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Thread: inbreeding

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  1. #1
    Join Date
    Jun 2004
    Location
    Baraga, Michigan
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    22

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    I have 3 hives in upper michigan and there are no beekeepers within 10 miles of me. There are also no ferel bees that survive the winter up here. If I wanted to raise some queens I assume they would have to mate with the drones from the same hives. Would this cause any problems with inbreeding?

  2. #2
    Join Date
    Aug 2002
    Location
    Nehawka, Nebraska USA
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    45,361

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    My guess is there are bees within 10 miles and you just don't know about them. Probably feral survivors. But if you get queens that have really spotty brood that's a good sign they are too inbred.

  3. #3
    Join Date
    Dec 2002
    Location
    Rhineland-Palatinate, Germany
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    829

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    Drones can fly more than 40km approx 25 miles. Monitor your bees for Varroa mites and you can see what’s around your hives. No mites mean you’re in an isolated area and a lucky beekeeper.


  4. #4
    Join Date
    Jun 2004
    Location
    Central Square, NY, Oswego County
    Posts
    814

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    To prevent inbreeding I would get an out side queen once in a while and raise daughters from her. I do not think you will have any problems with in breeding for quite a while. You have 3 hives and the drones will inter mingle at congugation areas (drone hang outs). These areas are where the drones fly to and wait for a queen to fly by. Queens and drones will fly a long ways for matting.
    Dan

  5. #5
    Join Date
    May 2003
    Location
    michigan
    Posts
    393

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    it seems to take me about 3 generations before i see inbreeding. only one big beekeeper comes to mind in that area but i suspect there are more than enough unrelated drones around for mating that you wont ever see any problems.

  6. #6
    Join Date
    Jul 2003
    Location
    Bartonville, TX USA
    Posts
    456

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    Try adding two different queen lines to give you hybrid vigor.

  7. #7

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    I've wondered about this, too. I'm in Alaska and have much the same situation as Yooper. Would there be more of a problem if one had, say, New World Carniolans or Buckfasts rather than a "pure" breed like Italians or something?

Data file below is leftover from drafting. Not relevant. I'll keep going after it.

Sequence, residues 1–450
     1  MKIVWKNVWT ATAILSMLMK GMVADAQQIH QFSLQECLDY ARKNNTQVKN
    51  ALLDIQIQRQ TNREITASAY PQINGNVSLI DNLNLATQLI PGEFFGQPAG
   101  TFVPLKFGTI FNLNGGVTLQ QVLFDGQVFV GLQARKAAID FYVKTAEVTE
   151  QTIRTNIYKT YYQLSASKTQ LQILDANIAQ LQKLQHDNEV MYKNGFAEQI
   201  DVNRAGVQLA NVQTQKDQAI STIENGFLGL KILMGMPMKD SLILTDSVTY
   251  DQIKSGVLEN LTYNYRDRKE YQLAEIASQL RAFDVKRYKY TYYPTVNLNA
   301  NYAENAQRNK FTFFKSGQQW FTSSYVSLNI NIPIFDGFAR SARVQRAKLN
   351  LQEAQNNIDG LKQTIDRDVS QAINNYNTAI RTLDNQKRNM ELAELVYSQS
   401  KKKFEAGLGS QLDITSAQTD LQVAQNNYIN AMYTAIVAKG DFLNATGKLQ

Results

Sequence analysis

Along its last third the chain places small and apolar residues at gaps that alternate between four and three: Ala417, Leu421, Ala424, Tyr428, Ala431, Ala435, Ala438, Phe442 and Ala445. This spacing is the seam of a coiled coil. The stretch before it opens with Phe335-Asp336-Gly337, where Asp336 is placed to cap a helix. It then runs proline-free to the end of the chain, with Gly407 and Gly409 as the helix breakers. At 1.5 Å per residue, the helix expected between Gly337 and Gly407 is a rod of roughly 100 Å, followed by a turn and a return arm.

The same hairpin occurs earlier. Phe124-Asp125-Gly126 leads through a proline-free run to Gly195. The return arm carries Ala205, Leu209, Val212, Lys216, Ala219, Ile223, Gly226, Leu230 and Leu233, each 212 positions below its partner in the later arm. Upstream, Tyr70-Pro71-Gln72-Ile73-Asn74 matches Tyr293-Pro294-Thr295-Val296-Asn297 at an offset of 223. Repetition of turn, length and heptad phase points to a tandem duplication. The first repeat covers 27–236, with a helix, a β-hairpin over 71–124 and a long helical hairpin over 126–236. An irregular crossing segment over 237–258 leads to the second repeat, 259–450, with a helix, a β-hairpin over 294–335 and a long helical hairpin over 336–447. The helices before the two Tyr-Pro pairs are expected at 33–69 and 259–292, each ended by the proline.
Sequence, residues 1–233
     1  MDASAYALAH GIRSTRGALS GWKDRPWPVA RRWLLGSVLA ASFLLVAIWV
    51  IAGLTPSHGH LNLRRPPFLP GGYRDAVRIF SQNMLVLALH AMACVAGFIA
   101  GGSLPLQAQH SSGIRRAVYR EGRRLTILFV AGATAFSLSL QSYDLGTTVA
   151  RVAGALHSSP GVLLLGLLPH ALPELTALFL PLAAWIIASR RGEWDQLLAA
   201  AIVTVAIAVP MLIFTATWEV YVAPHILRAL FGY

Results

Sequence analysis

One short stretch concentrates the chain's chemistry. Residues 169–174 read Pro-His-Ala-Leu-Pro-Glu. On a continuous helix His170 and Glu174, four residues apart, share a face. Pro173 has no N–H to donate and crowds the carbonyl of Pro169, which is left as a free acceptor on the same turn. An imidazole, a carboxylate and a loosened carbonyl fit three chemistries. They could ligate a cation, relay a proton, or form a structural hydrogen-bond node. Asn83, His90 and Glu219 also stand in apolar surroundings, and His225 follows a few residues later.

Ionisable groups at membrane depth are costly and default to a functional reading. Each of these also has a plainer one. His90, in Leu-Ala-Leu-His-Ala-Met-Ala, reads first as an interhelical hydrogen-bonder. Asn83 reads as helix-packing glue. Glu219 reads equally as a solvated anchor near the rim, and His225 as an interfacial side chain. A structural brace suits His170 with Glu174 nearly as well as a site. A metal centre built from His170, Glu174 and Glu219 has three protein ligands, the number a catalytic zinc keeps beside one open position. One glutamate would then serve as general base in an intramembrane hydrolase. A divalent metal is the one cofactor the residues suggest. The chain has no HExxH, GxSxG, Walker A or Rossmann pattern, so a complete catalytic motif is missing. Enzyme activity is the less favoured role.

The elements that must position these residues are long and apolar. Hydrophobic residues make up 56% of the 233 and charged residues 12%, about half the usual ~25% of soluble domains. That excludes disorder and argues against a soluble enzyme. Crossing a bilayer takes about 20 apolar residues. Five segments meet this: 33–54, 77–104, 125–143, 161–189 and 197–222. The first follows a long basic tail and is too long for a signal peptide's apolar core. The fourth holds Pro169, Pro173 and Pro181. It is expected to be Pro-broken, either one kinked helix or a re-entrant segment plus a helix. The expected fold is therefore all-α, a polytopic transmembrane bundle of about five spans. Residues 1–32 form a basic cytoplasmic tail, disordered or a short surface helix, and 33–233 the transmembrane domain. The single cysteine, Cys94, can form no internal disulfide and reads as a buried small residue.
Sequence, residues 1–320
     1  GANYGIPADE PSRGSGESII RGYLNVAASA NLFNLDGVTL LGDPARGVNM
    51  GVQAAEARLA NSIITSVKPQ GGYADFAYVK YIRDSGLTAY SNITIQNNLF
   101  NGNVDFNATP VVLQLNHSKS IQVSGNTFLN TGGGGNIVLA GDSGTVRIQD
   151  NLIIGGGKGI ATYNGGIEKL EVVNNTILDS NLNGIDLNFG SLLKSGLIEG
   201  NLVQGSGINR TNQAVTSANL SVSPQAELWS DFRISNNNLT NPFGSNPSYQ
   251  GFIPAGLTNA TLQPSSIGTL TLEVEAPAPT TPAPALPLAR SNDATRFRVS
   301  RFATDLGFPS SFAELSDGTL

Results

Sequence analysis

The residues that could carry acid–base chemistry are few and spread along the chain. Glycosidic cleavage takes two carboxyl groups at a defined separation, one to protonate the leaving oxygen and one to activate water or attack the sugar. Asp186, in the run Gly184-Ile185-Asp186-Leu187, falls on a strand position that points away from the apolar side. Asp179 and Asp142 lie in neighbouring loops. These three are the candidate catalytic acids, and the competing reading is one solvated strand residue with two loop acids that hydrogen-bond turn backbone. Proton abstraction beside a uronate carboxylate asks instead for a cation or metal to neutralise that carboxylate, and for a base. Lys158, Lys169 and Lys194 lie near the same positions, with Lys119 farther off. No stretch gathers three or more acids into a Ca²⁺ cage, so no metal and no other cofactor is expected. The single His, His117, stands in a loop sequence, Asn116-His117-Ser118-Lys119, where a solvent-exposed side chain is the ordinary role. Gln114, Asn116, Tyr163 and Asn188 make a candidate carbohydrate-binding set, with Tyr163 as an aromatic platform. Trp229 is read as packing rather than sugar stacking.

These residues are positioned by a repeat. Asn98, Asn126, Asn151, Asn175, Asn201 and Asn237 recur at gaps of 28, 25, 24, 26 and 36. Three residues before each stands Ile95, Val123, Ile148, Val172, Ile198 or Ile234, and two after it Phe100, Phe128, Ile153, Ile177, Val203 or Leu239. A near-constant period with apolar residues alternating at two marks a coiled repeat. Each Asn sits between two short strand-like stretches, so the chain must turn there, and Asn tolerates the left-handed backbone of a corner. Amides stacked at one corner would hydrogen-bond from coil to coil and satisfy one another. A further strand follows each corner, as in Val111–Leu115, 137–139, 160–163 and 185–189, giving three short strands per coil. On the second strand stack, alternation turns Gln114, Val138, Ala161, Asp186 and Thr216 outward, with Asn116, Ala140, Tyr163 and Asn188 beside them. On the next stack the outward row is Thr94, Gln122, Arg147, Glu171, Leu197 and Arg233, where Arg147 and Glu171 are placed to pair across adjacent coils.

I'm new at beekeeping, so forgive me if I'm way off base or using the wrong terminology.
    wfarler mentioned using two different queen lines...would this be effectively accomplished by buying package bees (of the same breed-Carniolans for example) from two different sources? If you used two completely different crosses (say Midnites and Buckfasts) instead of different lines of one breed, wouldn't there be more of a chance of future inbred generations eventually regressing to the original undesirable characteristics of whatever breeds their parents' hybridization was intended to avoid? What about two different lines of one crossed breed, like Buckfasts?

  8. #8
    Join Date
    Jun 2002
    Location
    Drums, PA, USA
    Posts
    331

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    If you bring in some new genetics once in a while, you should not have a problem. I do combination breeding, and do not have that problem, but I do get a few nasty hives now and then. The Carniolian, when cross bred can get really nasty. That I have done, and still I try to breed it out, but then again, the explosiveness in the spring is a desireable quality here in the north. With only six months to work with, we need all the help we can get.

    And I also agree with MB, there are probably feral bees around you, that you are unaware of. I also thought that, until I started removing swarms. I found some interesting qualities/downfalls from ferals, but the resistance and survival traits far outweigh the downfalls. One more gene to add to the mix!

    ------------------
    Dale Richards
    Dal-Col Apiaries
    Drums, PA

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